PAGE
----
Bills filed to update room occupancy tax rules

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Legislators appear ready this year to modernize the rules governing room occupancy taxes to better reflect rapidly changing business practices in the new sharing or “access economy.”
 
Last year, Gov. Charlie Baker signed legislation to regulate transportation network companies, such as Uber and Lyft, and this year bills have been filed in the House and Senate to update the rules for short-term residential rentals, mainly online services such as as Airbnb and HomeAway.
 
Local officials have a growing interest in updating room occupancy rules, as new forms of short-term rentals are quickly expanding in cities and towns across the state, but are not subject to the state and local room occupancy excise. The short-term rentals also compete with traditional rentals that do pay the excise, such as hotels and bed and breakfasts.
 
Local officials have also asked about rules to protect the health and safety of guests and to mitigate the impact of short-term rentals on housing and neighborhoods.
 
The governor included language in his fiscal 2018 state budget bill that would extend the room occupancy excise to short-term rentals that are rented for 150 days or more.
 
Rep. Aaron Michlewitz, the point person in the House on this issue, has filed a bill that would add a new Chapter 64N to the General Laws – the room occupancy excise is governed by Chapter 64G – that would organize new forms of short-term rental and room occupancy and provide new rules for taxation and regulation. Rep. Michlewitz visited the MMA Fiscal Policy Committee last November to talk about his work on this issue.
 
The MMA has asked municipal officials across the state, particularly in tourism regions, to weigh in on the proposal before any public hearing later this year.
 
The key to the proposed rules in the Michlewitz bill lies in the definitions for three different types of hosts: “residential hosts,” “commercial hosts” and “professionally managed hosts.”
 
The bill defines a residential host as the owner or tenant of a residential unit who is offering a unit for tourist or transient use for not more than 60 days per year. The unit must be the host’s primary residence, and a residential host would be limited to one unit per municipality and three units statewide. The definition of tourist or transient use is limited to any use of a residential unit for less than 30 days. It appears that this type of host would include small-scale Airbnb-type hosts who rent their primary residence for a limited number of days.
 
A commercial host is defined as the owner or tenant of a residential unit who is either offering the unit for tourist or transient use for more than 60 days or offering a unit (or units) that is not their primary residence. It seems that this host would include large-scale Airbnb-type hosts that are offering units that are not their primary residence, or are renting for more than 60 days in total.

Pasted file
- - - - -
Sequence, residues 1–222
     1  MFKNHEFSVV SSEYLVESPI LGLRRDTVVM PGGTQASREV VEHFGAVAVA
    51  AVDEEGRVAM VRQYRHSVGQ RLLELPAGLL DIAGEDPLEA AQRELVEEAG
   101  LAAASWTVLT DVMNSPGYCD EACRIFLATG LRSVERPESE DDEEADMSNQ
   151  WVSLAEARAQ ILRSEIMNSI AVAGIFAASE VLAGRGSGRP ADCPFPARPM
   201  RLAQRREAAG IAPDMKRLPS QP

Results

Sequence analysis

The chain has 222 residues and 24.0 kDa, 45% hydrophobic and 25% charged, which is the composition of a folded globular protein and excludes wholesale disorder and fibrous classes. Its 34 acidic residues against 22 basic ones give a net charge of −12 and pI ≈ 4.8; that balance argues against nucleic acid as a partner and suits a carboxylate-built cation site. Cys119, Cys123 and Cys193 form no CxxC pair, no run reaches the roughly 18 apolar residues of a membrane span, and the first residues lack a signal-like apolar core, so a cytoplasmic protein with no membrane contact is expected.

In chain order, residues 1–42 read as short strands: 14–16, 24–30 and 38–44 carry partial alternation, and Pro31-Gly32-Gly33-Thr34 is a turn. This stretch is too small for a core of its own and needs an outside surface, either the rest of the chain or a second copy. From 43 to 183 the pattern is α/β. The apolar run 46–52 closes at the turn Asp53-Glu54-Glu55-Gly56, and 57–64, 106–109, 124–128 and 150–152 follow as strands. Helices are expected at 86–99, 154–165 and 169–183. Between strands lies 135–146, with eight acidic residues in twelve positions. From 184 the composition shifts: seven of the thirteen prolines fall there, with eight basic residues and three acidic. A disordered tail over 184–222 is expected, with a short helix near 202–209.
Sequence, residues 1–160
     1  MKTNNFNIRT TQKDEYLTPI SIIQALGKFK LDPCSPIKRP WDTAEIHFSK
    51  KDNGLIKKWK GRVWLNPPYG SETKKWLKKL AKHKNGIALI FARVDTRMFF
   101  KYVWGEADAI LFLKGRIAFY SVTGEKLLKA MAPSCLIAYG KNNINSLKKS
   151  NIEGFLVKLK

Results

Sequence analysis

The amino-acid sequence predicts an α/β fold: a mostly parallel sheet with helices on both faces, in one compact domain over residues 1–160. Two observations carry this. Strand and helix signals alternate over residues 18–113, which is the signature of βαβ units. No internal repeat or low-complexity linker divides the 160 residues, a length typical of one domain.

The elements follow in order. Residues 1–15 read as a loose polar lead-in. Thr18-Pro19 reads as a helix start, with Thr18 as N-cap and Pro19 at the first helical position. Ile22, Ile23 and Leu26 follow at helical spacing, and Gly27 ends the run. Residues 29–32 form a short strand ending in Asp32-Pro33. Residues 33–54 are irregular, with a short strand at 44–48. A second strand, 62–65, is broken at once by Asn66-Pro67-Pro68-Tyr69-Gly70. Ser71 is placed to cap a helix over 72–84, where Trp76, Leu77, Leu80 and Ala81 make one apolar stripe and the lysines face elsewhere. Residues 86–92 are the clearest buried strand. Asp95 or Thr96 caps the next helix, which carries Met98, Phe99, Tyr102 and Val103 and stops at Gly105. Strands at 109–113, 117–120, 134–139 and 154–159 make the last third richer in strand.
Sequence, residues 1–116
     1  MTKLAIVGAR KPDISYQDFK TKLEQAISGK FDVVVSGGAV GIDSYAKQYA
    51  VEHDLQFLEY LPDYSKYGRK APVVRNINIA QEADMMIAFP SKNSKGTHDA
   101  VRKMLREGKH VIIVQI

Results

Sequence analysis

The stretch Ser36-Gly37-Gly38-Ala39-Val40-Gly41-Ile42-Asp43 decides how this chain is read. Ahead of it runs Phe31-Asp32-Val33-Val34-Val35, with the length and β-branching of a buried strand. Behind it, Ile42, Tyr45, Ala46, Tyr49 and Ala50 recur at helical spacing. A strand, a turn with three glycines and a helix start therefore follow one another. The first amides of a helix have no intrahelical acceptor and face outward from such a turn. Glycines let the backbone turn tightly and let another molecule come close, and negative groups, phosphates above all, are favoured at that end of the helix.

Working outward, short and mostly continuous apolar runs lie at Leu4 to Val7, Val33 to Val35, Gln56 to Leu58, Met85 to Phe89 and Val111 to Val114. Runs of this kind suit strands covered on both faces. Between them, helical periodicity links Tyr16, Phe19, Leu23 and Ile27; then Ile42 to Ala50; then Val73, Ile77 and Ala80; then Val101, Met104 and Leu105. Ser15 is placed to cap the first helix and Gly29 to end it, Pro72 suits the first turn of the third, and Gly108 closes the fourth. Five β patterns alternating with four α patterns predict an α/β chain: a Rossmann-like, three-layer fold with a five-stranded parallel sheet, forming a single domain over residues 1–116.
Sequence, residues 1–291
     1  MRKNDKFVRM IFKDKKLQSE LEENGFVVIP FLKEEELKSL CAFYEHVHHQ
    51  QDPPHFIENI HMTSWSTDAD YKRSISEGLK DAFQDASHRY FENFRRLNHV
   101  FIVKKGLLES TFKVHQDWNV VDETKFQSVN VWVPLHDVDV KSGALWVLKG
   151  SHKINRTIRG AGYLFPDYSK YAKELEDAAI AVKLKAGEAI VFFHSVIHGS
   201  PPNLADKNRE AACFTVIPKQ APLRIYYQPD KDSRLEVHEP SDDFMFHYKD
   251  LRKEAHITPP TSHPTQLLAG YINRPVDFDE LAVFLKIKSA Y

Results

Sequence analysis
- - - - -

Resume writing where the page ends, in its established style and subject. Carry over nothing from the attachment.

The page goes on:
A professionally managed host is defined as any person or business entity who is the owner or tenant of a residential unit who is offering the unit for tourist or transient use. Units offered by this type of host must be rented for five consecutive nights or more. The host must employ or serve as the manager for the property.
 
Any city or town, following local acceptance, would be authorized to impose a local excise tax upon renters of short-term residential units for transient or tourist use, as defined in the bill. Local acceptance would be by the local legislative body.
 
The municipal tax schedule in the bill provides for rates for residential hosts of as much as 5 percent, commercial hosts as much as 10 percent, and professionally managed hosts as much as 6 percent (or 6.5 percent in Boston).
 
The bill also sets a tax rate schedule for the state excise.
 
Any city or town adopting the excise would be required to distribute half of the excise collected from a commercial host to programs addressing low- and moderate-income housing.
 
Any city or town adopting the excise would be required to make rules that require all short-term rentals to undergo an annual safety inspection. Inspections would have to occur within 30 days after the host has registered the unit. The Department of Revenue would be required to maintain a short-term residential rental registry.
 
The Michlewitz bill includes several local options that would allow cities and towns to limit or regulate short-term rentals. Any city or town, following local acceptance, would be authorized to restrict short-term residential rentals by any host to permanent residents of the unit. Any city or town, following local acceptance, would be able to restrict the number of days a host may rent out short-term residential rentals. And any city or town could require a commercial host or a professionally managed host to obtain a local business license. Acceptance in these cases would be by the local legislative body.
 
The Department of Revenue would be required to establish a short-term residential rental registry, and all hosts would be required to list each unit on the registry. The DOR would be required to establish the registry no later than Dec. 31, 2018. Cities and towns would be required to establish a system for evaluating applicants by Dec. 31, 2018.
 
The bill would also require the host to comply with all federal and state laws and local rules, and maintain appropriate liability insurance. Residential hosts would be required to show that the unit is their primary place of residence, identify the number of days the unit is rented, and comply with any rent control rules.
 
Renters would be required to show that there are not any outstanding municipal health and safety code violations, and post inside the front door of a unit notice showing where fire safety and other devices and equipment are located.